CONTENT: Some strong language, PG-13 grade. Some semi-explicit sexual content, including implied molestation, incest and rape as a city gives in to all of its suppressed desires. Strong violence, very gory in a couple places. Very little occult content this volume though, considering the series as a whole.

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Review: “The Dresden Files: Storm Front (GN Adaptation)” by Jim Butcher, Mark Powers, Ardrian Syaf & Brett Booth

Title: Storm Front Vol. I: The Gathering Storm/Vol. II: Maelstrom
Original novel by: Jim Butcher
Adapted by: Mark Powers
Artists: Ardrian Syaf (Vol. I-II) & Brett Booth (Vol. II)
Series: The Dresden Files
Rating: *****
Publisher/Copyright: Dabel Brothers, 2009/Dynamite, 2011

Okay, I’ll just say this up front and get it out of the way: you should totally be reading the real books, not these graphic adaptations. However, I’ve read the real thing, and so now have no compunctions about reading the graphic novel. To clarify, this is a graphic novel adaptation of the first novel in the series, published in two volumes and reviewed here as one unit.

When the Chicago PD have a case they don’t know how to explain, they give it to Karrin Murphy and the Special Investigations division. When Murphy thinks there may actually be something supernatural going on, she calls in the only practicing wizard in the Chicago phone book–Harry Dresden. This time, there’s a couple of corpses in a gore-splattered hotel room, their hearts exploded from their chests mid-climax. One is a high-class hooker, one of Madame Bianca’s girls. The other is the right-hand man of Chicago’s local mob boss. This was obviously the work of a powerful wizard–the problem is, Harry’s the only one around who fits the bill. Now Harry has the council watching his every move, and any attempt to recreate the spell used to kill the hitman and the hooker may be enough to seal his doom. On the other hand, if he can’t figure out what happened, the city will soon be gripped in a war between the mob and Madame Bianca’s vampires. In addition, he has another seemingly-unrelated case to distract him, and a beautiful tabloid journalist vying for his attentions. Can Harry unravel these tangled plot threads and figure out what’s going on? Go read the book and find out!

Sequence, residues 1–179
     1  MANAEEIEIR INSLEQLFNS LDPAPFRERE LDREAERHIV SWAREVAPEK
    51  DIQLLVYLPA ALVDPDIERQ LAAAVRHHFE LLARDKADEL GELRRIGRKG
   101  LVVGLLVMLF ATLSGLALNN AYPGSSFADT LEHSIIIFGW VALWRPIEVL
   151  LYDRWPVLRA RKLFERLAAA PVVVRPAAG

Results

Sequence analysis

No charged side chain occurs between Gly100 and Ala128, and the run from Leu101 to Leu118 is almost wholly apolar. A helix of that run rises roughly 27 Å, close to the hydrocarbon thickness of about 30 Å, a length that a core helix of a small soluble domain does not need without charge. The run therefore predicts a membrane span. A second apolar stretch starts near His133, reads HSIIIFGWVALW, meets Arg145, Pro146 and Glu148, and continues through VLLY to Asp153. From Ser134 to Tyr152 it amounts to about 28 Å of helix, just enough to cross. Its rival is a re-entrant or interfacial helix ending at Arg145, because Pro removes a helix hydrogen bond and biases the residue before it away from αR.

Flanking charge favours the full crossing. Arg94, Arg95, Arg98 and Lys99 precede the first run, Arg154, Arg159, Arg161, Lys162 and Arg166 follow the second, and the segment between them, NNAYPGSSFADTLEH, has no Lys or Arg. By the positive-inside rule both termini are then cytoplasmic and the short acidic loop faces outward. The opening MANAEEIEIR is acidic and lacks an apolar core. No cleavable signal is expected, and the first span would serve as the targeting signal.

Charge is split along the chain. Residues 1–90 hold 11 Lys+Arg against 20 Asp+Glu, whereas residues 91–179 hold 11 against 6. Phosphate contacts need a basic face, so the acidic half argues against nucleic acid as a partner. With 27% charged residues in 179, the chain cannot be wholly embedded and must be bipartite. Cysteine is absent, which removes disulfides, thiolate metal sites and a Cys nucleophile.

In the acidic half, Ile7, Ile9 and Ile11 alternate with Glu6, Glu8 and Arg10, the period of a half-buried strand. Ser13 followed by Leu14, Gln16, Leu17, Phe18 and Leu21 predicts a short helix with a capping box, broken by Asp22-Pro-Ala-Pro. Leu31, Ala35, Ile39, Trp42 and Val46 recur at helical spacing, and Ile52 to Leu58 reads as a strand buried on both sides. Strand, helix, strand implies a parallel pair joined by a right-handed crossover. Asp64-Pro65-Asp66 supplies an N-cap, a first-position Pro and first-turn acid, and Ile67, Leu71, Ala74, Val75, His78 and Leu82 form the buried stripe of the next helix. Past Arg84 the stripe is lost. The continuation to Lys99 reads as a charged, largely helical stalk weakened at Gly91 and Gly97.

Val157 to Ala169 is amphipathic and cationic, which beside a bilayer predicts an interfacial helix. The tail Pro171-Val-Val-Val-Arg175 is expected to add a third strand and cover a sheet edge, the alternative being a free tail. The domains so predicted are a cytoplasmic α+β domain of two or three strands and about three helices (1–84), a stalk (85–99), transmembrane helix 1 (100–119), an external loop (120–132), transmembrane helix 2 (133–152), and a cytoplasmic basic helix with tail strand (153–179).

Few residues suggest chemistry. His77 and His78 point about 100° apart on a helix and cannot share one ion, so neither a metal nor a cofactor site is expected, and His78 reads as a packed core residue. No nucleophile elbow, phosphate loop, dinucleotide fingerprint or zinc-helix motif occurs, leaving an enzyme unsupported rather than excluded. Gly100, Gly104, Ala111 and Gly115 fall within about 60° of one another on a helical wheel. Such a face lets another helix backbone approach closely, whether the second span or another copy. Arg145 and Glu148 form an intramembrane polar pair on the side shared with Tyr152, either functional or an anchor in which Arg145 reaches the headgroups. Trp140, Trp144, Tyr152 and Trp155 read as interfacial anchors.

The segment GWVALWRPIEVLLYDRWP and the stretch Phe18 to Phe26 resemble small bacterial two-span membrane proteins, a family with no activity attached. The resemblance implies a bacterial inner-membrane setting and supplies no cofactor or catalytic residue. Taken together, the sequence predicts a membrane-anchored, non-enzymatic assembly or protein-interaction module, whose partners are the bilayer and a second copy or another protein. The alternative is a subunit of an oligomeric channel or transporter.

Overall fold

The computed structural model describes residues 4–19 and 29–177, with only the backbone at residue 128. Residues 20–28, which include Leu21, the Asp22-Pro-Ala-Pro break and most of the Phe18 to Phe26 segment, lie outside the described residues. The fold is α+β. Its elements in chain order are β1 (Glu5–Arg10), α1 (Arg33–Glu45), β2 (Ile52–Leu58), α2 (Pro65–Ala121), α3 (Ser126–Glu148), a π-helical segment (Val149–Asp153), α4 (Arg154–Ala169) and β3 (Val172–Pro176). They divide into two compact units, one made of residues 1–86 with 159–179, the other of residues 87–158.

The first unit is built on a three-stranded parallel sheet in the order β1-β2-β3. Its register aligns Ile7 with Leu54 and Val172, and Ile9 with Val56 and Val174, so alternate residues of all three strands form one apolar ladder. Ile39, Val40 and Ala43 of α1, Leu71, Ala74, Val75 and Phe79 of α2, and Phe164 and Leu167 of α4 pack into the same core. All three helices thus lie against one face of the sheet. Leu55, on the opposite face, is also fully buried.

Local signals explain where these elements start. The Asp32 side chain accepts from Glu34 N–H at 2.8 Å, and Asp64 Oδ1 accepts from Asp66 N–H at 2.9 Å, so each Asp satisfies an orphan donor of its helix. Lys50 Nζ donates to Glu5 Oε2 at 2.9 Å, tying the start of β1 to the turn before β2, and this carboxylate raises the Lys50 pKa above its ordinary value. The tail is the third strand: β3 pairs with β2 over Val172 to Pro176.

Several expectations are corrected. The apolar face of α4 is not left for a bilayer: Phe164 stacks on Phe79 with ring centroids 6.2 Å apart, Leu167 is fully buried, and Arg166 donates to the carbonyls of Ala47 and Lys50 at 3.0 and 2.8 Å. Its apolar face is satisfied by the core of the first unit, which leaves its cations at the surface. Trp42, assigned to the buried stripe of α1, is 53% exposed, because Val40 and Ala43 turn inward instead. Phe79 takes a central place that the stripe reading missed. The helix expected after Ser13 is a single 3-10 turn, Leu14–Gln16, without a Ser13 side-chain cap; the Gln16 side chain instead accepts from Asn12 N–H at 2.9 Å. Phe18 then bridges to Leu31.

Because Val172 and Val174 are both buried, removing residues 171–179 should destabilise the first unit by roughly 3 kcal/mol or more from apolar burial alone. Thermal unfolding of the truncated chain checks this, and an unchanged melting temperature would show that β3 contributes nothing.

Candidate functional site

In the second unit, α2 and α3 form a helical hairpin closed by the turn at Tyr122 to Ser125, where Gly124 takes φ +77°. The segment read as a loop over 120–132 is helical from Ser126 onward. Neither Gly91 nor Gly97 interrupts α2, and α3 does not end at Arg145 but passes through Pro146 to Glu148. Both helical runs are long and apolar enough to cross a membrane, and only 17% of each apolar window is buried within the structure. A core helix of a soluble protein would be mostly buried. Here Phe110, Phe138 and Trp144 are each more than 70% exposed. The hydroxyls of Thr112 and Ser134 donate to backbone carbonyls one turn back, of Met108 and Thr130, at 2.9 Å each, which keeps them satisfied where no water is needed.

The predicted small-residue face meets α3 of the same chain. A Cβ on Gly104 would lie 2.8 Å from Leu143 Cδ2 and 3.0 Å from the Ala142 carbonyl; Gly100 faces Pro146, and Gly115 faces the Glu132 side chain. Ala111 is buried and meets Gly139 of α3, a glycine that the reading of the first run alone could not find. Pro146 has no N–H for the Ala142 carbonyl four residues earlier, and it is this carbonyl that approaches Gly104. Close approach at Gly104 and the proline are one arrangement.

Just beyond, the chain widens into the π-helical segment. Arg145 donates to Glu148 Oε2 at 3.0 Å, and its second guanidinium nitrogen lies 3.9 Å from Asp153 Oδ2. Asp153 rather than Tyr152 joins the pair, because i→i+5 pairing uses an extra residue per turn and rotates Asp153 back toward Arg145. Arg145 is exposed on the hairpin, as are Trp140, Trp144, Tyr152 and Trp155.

Granted, it’s been a while since I’ve read the original novel this is adapted from, but this seemed incredibly faithful. Jim Butcher seemed to think so in his introduction, anyway. The writing was good, which can partially be laid at the foot of adapter Mark Powers but I think belongs mostly to Jim Butcher’s original novel. The art, however, is the reason I picked this up in the first place–keep in mind, this is adapted from a book I’ve already read, so it wasn’t too high on my priority list. Ardian Syaf, the same artist from the prequel Welcome To The Jungle, continues his stellar work here. Characters I’ve been reading about for years jump off the page almost exactly how I imagined them, and I have to say it’s been a great experience. Where the first volume  falls short is in it’s bonus story in the back, an adaptation of the first ever Dresden short story Restoration Of Faith. It wasn’t a particularly strong story to begin with (by Butcher’s own admission), and the graphic treatment isn’t kind. It’s adapted by Grant Alter with art by Kevin Mellon, and it just doesn’t stack up. Important information is never given, a character just appears out of nowhere when it’s time for him to show up with no introduction, and the villain’s defeat is almost incoherent–if I hadn’t read the story before I would have no idea what happened in those two panels. The art isn’t particularly horrible, but it’s not good either. I would almost tell you not to bother with this so-called bonus story, and just find the original in Butcher’s Dresden anthology Side Jobs. Midway through producing the adaptation, it appears the original publisher (Dabel Brothers) either went out of business or sold the property to Dynamite. This obviously delayed some of the production, and artist Ardian Syaf got a better offer from DC. You know, one that actually involved working and getting paid instead of waiting for the paperwork to be settled. I don’t like that he left, but I can understand it. The powers that be replaced him with Brett Booth for the remainder of the second volume, and I suppose Booth did okay. Had he been on the book from the beginning, I would have been fine with it. As it stands, however, the switchover was jarring, unannounced, and a little disappointing. Will I keep reading these? Of course! It’s still Dresden….its just that Syaf’s art was what pulled me into this in the first place, and now that’s gone.

CONTENT: Mild language. Some gory violence and creepy creatures. Some non-explicit sexual content, including a set of corpses still locked in a very sexual position and some discussion of prostitution. Occult-wise….Harry’s a wizard. You know up front what you’re getting into with this one….